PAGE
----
Emerson, Lake, and Palmer/Live in Montreal 1977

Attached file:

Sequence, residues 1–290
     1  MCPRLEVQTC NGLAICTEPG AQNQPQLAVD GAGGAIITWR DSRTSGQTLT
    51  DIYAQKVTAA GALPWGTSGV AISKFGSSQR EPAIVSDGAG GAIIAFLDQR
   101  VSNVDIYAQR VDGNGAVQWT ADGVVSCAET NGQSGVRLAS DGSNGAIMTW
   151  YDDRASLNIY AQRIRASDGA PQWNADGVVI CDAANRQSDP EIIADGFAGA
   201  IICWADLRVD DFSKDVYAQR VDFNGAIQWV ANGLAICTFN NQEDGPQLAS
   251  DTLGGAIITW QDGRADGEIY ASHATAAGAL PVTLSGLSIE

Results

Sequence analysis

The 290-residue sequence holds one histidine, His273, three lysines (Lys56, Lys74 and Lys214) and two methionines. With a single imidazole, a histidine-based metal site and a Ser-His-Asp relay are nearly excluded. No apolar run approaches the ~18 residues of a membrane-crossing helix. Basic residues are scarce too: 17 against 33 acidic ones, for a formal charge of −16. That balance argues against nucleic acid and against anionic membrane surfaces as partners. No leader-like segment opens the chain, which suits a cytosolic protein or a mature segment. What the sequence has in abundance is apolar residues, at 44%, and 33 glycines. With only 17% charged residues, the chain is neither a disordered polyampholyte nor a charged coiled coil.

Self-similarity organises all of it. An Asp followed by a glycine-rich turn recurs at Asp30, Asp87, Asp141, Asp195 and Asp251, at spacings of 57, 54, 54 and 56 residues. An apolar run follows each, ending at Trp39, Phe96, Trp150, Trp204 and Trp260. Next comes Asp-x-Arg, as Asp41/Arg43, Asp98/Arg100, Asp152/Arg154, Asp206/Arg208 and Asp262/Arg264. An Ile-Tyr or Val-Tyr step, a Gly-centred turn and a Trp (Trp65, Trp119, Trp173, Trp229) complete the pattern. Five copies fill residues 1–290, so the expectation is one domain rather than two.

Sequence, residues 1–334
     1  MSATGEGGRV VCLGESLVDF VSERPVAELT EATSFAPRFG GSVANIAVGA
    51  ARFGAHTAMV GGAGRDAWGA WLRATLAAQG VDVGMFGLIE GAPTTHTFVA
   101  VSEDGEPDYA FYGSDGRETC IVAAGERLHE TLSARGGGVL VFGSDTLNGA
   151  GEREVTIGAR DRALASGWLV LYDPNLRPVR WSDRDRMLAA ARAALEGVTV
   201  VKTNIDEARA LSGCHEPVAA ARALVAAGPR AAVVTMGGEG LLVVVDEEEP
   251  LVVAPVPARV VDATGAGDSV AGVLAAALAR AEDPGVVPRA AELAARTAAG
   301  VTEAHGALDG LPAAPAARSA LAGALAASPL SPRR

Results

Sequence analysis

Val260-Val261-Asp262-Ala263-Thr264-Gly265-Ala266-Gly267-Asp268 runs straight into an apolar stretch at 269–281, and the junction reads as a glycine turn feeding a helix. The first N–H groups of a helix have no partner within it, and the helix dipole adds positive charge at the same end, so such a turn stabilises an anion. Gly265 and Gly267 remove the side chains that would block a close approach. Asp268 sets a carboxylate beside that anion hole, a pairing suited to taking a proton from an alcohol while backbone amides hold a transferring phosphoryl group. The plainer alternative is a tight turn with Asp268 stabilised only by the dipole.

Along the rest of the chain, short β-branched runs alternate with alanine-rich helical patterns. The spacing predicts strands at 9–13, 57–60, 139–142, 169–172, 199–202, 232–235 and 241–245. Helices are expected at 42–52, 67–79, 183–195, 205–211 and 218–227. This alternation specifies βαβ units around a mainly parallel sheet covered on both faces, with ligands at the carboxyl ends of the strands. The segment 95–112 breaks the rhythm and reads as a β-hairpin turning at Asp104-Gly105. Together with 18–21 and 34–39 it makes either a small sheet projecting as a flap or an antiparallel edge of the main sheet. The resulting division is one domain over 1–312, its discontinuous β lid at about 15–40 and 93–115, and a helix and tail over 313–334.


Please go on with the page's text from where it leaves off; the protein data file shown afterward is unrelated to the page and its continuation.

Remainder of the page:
elp     Being a purveyor of nostalgia, I revel in moments in time such as these. At the height of their musical career, Emerson, Lake , and Palmer dazzled the progressive genre with complex, if not nearly impossible feats of classically based musical adaptations of the masters and their masterpieces. Indulging within those chasms of organized cacophony, their original pieces were  overwhelming at the very least. Flirting with incredulous manipulations of the instruments in hand, ELP has transformed the world’s view of classical music and the like in stone (or vinyl if you will) forever. This double CD set includes some of the more recognizable tunes by the band, but the treasure lies more in the cuts that are out of the ordinary. Featured here are vivacious versions of “Pictures at an Exhibition”, “Knife Edge”, and “Tank”, songs that though known to their audience, have not generally been recorded live as a rule. And superseding that, they are versions enhanced by signature deviations from the originals practically making them new songs to the discriminating ear. Keith Emerson’s fast fingered frolicking is duly noted on “Piano Concerto No. 1, 3rd Movement”, unleashing a volcanic eruption of speed and agility to the brink of the masters lair. Greg Lake’s sweet melodic tones are captured within both his strings and his voice lulling us into a void of tenderness and the sublime. Carl Palmer and his nearly inhuman ability to pound the percussive devices surrounding him, grants us a portal into what can be done with percussion if unchained, yet kept within the boundaries of musical discipline. This is a masterful collection of wondrous recordings of a time when imaginations were the driving force behind the creativity of a truly amazing assembly of musicians ahead of their time.

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